Electronica: AMS rolls intelligent sensors - Embedded.com

Electronica: AMS rolls intelligent sensors

AMS AG announced a new family of intelligent sensors for gesture control at Electronica this week in Germany. The TMG399x line of devices detects gestures and supports barcode emulation.

AMS has improved its previously released three-in-one sensor hub to allow for touchless gesturing in four directions; diagonal gesturing will be available in a few months. The company will release two sensors: the TMG3992 for mobile applications and the TMG3993 for home automation.

“In terms of wireless communications, there will be 1.2 billion of these sensors in the market in 2017, and 40% will be IR gesture,” Ben Jacobs, senior product manager for the devices, told us. “Ambient and proximity gesture will make up the other 60%.”

The gesture engine features automatic ambient light subtraction, crosstalk cancellation, dual eight-bit data converters, and interrupt driven I2C communication. The devices can detect proximity between 5 cm and 15 cm, with two power modes between 1 and 5 milliamps. The chips are supported by the Qualcomm ADSP sensor core and its Snapdragon 600 and 800 processors.

“These new chips are wrapped around a gesture engine,” Jacobs said. “The most critical part of that is it has capability to apply two different detection sensitivities to operate at low power sensitivity mode most of the time, and a high mode when it will start to detect an object.”

That object will likely be a hand gesturing to power a device or manage a display, but AMS has rigged its sensors to detect scanners better. It partnered with Mobeam to create a barcode emulator, which enables smartphones to transmit barcodes to any one-dimensional scanner at retail point-of-sale terminals.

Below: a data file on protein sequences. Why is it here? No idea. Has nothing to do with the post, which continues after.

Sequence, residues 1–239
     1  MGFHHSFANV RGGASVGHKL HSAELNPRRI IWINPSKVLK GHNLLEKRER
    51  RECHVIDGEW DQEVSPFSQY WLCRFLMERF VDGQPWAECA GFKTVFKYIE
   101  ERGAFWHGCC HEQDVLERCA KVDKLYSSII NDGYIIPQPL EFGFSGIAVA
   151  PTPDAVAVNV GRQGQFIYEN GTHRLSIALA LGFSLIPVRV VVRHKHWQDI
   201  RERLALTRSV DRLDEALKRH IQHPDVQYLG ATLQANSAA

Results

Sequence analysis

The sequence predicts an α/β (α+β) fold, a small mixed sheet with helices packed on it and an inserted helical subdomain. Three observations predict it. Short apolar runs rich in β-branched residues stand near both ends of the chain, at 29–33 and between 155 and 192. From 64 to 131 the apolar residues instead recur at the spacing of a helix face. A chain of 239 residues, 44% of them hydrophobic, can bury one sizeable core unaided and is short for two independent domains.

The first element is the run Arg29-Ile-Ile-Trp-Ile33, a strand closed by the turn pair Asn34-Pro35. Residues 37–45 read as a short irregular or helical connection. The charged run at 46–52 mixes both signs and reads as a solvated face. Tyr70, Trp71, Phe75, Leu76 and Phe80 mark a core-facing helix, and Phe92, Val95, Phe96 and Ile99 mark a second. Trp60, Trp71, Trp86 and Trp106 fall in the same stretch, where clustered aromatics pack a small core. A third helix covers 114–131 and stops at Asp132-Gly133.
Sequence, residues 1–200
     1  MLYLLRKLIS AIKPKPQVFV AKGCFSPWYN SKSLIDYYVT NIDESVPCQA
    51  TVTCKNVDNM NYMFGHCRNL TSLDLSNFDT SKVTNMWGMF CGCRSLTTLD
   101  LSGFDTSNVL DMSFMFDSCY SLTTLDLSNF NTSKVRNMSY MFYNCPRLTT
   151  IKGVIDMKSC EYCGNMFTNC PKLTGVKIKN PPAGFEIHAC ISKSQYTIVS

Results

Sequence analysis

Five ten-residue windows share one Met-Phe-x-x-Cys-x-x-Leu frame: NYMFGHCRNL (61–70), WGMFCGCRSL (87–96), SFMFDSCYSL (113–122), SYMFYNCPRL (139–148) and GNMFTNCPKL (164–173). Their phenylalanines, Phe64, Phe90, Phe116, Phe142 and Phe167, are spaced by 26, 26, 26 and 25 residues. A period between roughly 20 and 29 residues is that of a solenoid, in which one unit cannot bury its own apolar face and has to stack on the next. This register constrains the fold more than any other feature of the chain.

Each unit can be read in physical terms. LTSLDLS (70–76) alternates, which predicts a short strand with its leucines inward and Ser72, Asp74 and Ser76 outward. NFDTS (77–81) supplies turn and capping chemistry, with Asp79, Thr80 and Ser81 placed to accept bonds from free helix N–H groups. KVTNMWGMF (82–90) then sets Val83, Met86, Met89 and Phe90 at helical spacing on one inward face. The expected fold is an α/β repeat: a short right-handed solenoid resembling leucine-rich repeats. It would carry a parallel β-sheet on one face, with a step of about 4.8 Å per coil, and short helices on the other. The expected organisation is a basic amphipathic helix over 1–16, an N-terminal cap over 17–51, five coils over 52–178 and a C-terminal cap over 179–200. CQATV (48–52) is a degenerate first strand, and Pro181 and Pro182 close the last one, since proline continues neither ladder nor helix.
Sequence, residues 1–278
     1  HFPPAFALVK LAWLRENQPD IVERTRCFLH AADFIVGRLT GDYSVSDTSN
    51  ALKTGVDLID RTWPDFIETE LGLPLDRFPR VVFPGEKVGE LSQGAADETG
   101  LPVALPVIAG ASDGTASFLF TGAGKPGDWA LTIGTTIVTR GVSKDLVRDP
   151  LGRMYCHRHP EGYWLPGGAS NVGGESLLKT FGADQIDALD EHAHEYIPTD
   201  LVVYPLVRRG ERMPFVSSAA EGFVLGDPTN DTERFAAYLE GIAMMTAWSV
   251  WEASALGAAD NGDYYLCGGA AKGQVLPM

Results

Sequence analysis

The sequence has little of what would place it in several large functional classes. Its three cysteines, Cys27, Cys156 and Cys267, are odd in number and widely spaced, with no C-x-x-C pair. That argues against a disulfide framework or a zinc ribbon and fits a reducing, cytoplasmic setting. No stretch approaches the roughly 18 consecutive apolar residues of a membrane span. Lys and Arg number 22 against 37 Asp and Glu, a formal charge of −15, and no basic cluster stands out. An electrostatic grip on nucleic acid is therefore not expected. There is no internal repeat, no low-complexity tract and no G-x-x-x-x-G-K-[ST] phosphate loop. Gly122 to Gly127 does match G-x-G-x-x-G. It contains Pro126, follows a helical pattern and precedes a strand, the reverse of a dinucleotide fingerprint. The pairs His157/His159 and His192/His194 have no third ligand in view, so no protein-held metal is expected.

“Due to the reflecting nature of OLED screens in mobile phones, the reliability of scanners to detect or identify code is very low,” said Russell Jordan, senior marketing manager for the optical sensor business at AMS. “A pulse of IR light can emulate… data. With a processor engine on board, it can emulate a barcode or loyalty card.”

The IR sensor essentially acts as an extender for the barcode and mimics other optical transmitters, Jordan said. Using a versatile state machine along with 128 bytes of RAM, manufacturers can generate a variety of optical protocols.

“This is not the last product that you'll see to extend optical sensor technology into consumer products,” he said. “The next generation will include remote control.”

This article originally appeared in EETimes.

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